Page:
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Saturday, October 23, 2021

50 Years After Biafra

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It’s 50 years since the start of the Biafran war, one of Africa’s bloodiest post-independence conflicts. What was the Nigerian conflict about and why does its legacy still matter today?

Biafra, officially the Republic of Biafra, was a state in West Africa that existed from May 1967 to January 1970. It was made up of the states in the Eastern Region of Nigeria. Biafra’s declaration of independence from Nigeria resulted in civil war between Biafra and Nigeria. Biafra was formally recognised by Gabon, Haiti, Ivory Coast, Tanzania and Zambia. Its inhabitants were mostly Igbo, who led the independence movement due to economic, ethnic, cultural and religious tensions among the various peoples of Nigeria. Other ethnic groups included the Efik, Ibibio, Annang, Ejagham, Eket, Ibeno and the Ijaw.

After two-and-a-half years of war, during which almost two million Biafran civilians (3/4 of them small children) died from starvation caused by the total blockade of the region by the Nigerian government, Biafran forces under Nigeria’s motto of “No-victor, No-vanquished” surrendered to the Nigerian Federal Military Government (FMG). The surrender was facilitated by the Biafran Vice President and Chief of General Staff, Major General Philip Effiong, who assumed leadership of the Republic of Biafra after the original President, Colonel Chukwuemeka Odumegwu Ojukwu, fled to Ivory Coast.

After the surrender of Biafra, some Igbos who had fled the conflict returned to their properties but were unable to claim them back from new occupants. It was purported that at the start of the civil war, Igbos withdrew their funds from Nigerian banks and converted it to the Biafran currency. After the war, bank accounts owned by Biafrans were seized and a Nigerian panel resolved to give every Igbo person with an account only 20 pounds.

Federal projects in Biafra were also greatly reduced compared to other parts of Nigeria. A cultural sub-region of Biafra in what is now southern Nigeria. In 1960, Nigeria became independent of the United Kingdom. As with many other new African states, the borders of the country did not reflect earlier ethnic, cultural, religious, or political boundaries. Thus, the northern region of the country has a Muslim majority, being primarily made up of territory of the indigenous Sokoto Caliphate.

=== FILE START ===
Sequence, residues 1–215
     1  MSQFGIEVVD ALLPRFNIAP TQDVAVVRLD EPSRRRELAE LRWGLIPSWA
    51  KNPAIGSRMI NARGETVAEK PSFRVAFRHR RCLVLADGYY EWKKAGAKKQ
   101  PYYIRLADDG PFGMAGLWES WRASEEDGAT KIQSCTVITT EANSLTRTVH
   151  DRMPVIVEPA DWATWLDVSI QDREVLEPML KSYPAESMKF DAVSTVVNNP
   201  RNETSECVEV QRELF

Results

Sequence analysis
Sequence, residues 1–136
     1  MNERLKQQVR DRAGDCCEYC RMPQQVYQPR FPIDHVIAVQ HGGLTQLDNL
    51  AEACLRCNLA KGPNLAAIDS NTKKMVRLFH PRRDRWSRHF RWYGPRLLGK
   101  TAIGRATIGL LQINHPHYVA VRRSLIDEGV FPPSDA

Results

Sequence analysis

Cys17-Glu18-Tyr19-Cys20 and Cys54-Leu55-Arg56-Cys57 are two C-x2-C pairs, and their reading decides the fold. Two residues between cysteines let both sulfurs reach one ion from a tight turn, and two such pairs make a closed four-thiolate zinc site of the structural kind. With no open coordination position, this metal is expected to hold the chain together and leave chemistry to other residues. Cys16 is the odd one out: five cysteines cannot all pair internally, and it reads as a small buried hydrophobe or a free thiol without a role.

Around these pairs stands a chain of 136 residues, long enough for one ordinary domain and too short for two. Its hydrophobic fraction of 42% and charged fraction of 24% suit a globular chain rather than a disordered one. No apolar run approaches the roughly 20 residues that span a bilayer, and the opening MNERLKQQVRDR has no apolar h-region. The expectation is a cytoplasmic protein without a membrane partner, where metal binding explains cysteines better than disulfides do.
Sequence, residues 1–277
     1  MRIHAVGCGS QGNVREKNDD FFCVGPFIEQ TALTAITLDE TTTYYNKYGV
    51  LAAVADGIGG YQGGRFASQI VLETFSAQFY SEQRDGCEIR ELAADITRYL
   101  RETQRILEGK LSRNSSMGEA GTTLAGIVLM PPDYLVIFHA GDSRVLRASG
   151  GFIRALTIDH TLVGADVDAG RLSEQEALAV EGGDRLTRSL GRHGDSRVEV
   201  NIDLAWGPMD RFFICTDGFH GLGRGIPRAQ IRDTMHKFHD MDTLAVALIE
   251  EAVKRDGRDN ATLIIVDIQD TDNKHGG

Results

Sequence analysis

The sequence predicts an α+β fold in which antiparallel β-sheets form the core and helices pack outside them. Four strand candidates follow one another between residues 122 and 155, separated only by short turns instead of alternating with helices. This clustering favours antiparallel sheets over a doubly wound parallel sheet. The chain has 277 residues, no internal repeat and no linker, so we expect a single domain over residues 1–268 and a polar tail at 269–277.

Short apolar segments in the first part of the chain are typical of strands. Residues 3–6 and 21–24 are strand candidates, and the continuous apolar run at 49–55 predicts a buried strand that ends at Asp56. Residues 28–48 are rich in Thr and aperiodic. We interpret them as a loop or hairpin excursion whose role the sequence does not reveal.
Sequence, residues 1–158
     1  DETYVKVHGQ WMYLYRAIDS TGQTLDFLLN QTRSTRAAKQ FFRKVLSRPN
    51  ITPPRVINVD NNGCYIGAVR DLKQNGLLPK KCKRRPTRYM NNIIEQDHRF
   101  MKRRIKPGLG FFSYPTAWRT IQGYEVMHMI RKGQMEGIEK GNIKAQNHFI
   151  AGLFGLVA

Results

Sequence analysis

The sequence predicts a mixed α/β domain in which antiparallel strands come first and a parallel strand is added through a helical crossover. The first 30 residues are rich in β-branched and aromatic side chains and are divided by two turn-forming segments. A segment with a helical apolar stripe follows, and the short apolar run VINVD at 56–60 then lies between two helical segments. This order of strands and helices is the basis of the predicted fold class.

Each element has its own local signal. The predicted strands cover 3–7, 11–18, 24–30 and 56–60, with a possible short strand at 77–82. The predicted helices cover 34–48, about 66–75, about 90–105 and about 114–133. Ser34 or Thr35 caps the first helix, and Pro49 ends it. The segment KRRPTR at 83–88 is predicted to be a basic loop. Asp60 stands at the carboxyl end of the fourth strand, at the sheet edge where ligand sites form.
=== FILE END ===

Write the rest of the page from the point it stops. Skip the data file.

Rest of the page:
The southern population is predominantly Christian, being primarily made up of territory of the indigenous Yoruba and Biafra kingdoms in the West and East respectively. Following independence, Nigeria was demarcated primarily along ethnic lines: Hausa and Fulani majority in the north, Yoruba majority in the West and Igbo majority in the East.

The Nigerian Civil War (also known as the Biafran War and the Nigerian-Biafran War) was a civil war in Nigeria fought between the government of Nigeria and the secessionist state of Biafra from 6 July 1967 to 15 January 1970. Biafra represented nationalist aspirations of the Igbo people, whose leadership felt they could no longer coexist with the Northern-dominated federal government. Immediate causes of the war in 1966 included ethno-religious riots in Northern Nigeria, a military coup, a counter-coup and persecution of Igbo living in Northern Nigeria.

Control over the lucrative oil production in the Niger Delta also played a vital strategic role. Within a year, the Federal Government troops surrounded Biafra, capturing coastal oil facilities and the city of Port Harcourt. The blockade imposed during the ensuing stalemate led to mass starvation. During the two and half years of the war, there were about 100,000 overall military casualties, while between 500,000 and 3 million Biafran civilians died of starvation. In mid-1968, images of malnourished and starving Biafran children saturated the mass media of Western countries. The United Kingdom and the Soviet Union were the main supporters of the Nigerian government, while France, Israel and some other countries supported Biafra. Chukwuemeka “Emeka” Odumegwu-Ojukwu (4 November 1933[1] – 26 November 2011) was a Nigerian military officer and politician who served as the military governor of the Eastern Region of Nigeria in 1966 and the leader of the breakaway Republic of Biafra from 1967 to 1970.

In January 1967, the Nigerian military leadership went to Aburi, Ghana, for a peace conference hosted by General Joseph Ankrah. The implementation of the agreements reached Aburi fell apart upon the leaderships return to Nigeria and on 30 May 1967, as a result of this, Colonel Odumegwu-Ojukwu declared Eastern Nigeria a sovereign state to be known as Biafra. Having mandated me to proclaim on your behalf, and in your name, that Eastern Nigeria be a sovereign independent Republic, now, therefore I, Lieutenant Colonel Chukwuemeka Odumegwu-Ojukwu, Military Governor of Eastern Nigeria, by the authority, and pursuant to the principles recited above, do hereby solemnly proclaim that the territory and region known as and called Eastern Nigeria together with her continental shelf and territorial waters, shall, henceforth, be an independent sovereign state of the name and title of The Republic of Biafra.

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